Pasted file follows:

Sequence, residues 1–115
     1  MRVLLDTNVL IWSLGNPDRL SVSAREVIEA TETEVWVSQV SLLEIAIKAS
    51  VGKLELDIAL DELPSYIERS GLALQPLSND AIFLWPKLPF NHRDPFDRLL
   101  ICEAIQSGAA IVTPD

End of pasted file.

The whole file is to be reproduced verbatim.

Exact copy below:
Sequence, residues 1–115
     1  MRVLLDTNVL IWSLGNPDRL SVSAREVIEA TETEVWVSQV SLLEIAIKAS
    51  VGKLELDIAL DELPSYIERS GLALQPLSND AIFLWPKLPF NHRDPFDRLL
   101  ICEAIQSGAA IVTPD